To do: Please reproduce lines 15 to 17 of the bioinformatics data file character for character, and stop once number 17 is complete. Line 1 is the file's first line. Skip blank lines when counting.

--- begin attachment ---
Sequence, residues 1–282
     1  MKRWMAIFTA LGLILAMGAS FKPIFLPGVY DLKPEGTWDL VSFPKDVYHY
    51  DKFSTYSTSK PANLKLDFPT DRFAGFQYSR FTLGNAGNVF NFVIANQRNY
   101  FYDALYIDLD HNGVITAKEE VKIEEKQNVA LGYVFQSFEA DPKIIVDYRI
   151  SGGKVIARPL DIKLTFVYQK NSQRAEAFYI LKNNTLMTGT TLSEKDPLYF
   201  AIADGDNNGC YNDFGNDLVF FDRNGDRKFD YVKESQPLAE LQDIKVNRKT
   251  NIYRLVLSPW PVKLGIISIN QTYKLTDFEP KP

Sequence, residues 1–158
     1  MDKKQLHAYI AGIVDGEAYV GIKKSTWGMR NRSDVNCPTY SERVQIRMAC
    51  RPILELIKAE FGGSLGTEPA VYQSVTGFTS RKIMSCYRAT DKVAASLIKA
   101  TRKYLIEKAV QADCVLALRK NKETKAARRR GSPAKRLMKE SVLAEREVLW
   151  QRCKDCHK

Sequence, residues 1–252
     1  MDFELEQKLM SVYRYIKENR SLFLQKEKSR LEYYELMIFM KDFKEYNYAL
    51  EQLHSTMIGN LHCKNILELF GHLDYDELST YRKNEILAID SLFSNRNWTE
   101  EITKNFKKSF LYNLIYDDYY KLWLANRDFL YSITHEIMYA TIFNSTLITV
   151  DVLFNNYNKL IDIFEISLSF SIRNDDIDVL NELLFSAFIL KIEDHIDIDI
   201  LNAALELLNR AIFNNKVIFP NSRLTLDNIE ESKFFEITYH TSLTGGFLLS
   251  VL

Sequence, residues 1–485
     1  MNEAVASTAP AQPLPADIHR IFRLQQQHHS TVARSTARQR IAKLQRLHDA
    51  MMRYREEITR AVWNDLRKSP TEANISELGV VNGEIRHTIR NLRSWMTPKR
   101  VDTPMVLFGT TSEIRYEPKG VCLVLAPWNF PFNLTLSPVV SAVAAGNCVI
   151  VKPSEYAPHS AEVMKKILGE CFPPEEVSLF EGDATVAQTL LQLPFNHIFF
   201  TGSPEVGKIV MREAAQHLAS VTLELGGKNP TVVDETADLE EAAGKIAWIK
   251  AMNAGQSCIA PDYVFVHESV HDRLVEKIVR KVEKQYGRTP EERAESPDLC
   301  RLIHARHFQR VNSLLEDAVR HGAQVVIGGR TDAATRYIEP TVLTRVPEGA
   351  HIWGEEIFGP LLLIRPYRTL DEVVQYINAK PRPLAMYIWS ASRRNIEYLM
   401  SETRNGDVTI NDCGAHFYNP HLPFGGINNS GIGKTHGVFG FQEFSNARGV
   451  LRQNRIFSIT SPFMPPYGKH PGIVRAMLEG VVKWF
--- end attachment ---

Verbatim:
    51  EQLHSTMIGN LHCKNILELF GHLDYDELST YRKNEILAID SLFSNRNWTE
   101  EITKNFKKSF LYNLIYDDYY KLWLANRDFL YSITHEIMYA TIFNSTLITV
   151  DVLFNNYNKL IDIFEISLSF SIRNDDIDVL NELLFSAFIL KIEDHIDIDI